SAN FRANCISCO—In an effort to speed 5G development, NYU Tandon School of Engineering’s wireless research center will provide its
channel models and measurements for cellular propagation in the millimeter wave (mmW) band as free, open-source software. The simulation will help product developers understand the behavior and capabilities of the mmW radio spectrum.
The free download includes statistical channel model and simulation code for generating channel impulse responses, calculating time delays, locating angles of arrival of energy in urban channels, and determining received power levels. The data focuses on the space between 2 GHz and 73 GHz, using measurements taken over the course of four years in New York City and Austin, Texas.
“Generally, individual companies or universities work on things in the dark. They publish things but never give the real intricate details of how to recreate it,” said NYU Wireless Director Theodore Rappaport. “We’re making all of our measurements and simulation code based on those measurements open, so anyone in the world could short circuit the many years it would take to wait for products or…make the measurements on their own.”
Click here for larger image The statistical spatial channel models are based on experiments from 2 GHz to 73 GHz, monitored between 2011 and 2014 in New York City and Austin, Texas.
Source: NYU Wireless
The mmW spectrum shows particular promise because of its directional capabilities, which could vastly improve radio links when the radio energy of multiple antennas is combined, and wider bandwidth. Rappaport said mmW data rates in non-line of sight urban environments could reach several gigabits per second, compared to today’s 50 mbits/second over 4G cellular.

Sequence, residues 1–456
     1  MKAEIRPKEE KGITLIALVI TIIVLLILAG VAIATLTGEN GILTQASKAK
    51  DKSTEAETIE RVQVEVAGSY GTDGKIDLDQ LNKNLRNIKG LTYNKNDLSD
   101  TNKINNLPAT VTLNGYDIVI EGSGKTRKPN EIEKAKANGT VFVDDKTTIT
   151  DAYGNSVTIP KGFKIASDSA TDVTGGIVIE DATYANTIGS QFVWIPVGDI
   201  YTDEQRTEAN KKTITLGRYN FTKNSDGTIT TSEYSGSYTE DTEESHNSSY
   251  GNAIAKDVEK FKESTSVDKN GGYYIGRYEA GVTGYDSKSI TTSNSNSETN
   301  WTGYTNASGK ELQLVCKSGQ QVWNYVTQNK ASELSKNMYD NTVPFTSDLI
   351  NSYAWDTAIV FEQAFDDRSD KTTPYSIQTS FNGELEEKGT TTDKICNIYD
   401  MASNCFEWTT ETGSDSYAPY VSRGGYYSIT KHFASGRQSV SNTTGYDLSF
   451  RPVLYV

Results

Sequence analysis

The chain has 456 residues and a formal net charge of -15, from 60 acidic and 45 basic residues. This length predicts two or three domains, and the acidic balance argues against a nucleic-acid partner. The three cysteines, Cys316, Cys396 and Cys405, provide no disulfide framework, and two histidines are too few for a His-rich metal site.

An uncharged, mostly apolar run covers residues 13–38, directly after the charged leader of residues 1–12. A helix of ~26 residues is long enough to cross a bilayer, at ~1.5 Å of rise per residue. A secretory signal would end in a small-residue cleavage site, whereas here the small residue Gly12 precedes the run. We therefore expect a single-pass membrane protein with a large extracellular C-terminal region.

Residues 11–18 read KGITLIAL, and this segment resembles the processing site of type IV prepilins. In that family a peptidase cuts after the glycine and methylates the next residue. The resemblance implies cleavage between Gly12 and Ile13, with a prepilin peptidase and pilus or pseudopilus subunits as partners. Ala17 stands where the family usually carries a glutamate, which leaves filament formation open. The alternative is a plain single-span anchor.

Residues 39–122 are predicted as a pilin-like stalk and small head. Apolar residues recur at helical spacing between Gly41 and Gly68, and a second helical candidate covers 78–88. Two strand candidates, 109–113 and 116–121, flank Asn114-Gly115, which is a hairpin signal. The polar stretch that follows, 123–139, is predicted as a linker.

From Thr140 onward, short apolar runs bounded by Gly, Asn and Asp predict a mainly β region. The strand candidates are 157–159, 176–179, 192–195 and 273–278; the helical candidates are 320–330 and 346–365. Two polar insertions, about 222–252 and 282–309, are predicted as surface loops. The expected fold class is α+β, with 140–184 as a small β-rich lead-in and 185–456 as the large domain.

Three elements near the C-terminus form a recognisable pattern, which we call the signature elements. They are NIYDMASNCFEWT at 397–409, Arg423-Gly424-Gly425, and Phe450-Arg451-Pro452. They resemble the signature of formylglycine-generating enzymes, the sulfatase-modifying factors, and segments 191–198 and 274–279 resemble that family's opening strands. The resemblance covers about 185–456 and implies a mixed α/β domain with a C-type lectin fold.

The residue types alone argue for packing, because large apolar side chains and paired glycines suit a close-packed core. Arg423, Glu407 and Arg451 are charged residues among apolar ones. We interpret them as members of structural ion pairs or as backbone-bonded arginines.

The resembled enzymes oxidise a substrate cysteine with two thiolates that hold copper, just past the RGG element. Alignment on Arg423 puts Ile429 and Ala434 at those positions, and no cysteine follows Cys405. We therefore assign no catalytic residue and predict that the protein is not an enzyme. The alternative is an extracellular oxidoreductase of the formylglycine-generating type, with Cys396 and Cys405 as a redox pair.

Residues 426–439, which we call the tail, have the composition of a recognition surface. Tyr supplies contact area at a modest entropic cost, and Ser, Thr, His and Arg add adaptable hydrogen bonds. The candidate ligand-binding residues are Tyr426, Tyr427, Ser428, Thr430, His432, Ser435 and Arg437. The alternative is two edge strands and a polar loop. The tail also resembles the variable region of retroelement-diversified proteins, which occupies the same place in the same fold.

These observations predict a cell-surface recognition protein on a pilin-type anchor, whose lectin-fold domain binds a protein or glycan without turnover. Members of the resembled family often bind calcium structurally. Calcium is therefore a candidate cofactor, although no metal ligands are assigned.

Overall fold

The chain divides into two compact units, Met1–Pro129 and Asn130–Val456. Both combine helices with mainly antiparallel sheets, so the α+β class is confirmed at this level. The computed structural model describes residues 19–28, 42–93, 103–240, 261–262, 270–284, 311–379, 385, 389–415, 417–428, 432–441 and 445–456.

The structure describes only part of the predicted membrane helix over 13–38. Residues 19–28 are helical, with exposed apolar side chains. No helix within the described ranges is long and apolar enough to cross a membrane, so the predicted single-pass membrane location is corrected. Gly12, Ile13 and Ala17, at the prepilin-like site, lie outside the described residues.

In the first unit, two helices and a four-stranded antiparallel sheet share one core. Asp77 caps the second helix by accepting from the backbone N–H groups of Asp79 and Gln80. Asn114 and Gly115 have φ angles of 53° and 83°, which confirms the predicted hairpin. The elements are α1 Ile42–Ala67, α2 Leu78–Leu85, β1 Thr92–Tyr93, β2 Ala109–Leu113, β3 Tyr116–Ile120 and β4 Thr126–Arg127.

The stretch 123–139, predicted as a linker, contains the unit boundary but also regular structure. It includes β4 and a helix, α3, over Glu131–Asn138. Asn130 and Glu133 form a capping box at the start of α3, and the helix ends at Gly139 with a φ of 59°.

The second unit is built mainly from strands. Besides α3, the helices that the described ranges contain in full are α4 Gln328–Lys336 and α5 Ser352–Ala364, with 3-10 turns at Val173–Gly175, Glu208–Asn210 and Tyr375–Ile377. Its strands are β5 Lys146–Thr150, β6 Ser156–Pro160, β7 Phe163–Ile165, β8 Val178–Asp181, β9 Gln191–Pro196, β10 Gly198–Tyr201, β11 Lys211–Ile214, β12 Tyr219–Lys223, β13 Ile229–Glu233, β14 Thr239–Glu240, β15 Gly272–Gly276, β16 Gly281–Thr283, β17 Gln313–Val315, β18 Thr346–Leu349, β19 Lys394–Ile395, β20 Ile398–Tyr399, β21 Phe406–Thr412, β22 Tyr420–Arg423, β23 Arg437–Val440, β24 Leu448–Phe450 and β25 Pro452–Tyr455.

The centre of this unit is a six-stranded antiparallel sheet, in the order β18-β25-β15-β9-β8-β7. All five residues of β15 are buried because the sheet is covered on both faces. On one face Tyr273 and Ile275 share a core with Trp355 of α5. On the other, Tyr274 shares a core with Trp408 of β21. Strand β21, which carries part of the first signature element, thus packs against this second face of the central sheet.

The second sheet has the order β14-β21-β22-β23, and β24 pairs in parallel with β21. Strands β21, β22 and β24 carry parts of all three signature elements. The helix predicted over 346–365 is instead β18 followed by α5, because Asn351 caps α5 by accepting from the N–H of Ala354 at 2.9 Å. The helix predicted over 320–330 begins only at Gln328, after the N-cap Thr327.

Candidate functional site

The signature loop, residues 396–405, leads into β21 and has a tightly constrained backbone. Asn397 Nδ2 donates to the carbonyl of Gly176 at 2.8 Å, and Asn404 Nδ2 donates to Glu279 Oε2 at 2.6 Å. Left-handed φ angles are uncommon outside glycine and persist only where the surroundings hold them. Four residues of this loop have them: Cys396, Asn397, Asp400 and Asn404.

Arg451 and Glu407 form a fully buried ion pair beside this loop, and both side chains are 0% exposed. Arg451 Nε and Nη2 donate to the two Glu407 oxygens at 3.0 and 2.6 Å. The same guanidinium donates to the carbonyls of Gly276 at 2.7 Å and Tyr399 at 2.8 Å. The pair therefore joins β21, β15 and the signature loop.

NYU Wireless researchers also found that mmW bandwidth is wide enough to potentially provide fiber optic-quality backhaul. Additionally, mmW basestations and access points can be extremely low power – achieving 200-500 meter range on 1 Watt of power, depending on the use of simple directional antennas or phased array antennas that combine several beams.
Although work on mmW has been underway for some time, a lack of standardization or federal guidance for spectrum allocation has slowed its rollout for 5G. Current Analysis analyst Peter Jarich said open source or otherwise collaborative efforts were some of the most innovative things he saw at this year’s Mobile World Congress in Barcelona.
“The use of millimeter wave spectrum is important, but so is the use of open source to get more of the data out there and let people leverage it,” Jarich told EE Times. “My expectation is that every vendor has channel models of their own, but obviously it may not be to the same extent or same unbiased open nature that a university would.”
In order for NYU Wireless’ software to be successful, it must be easy to use and integrate in to existing systems while presenting data in an easy-to-understand way. Rappaport hopes that the software will help universities and companies develop several crucial pieces of technology.
“I believe the development of low cost, high efficiency hybrid phased array antennas are a crucial element, using digital signal processing and analog radio frequencies,” Rappaport said, pointing to SiBeam and Samsung as early developers of this technology.
Several companies are already using the open-source software, including French telecom operator Orange.
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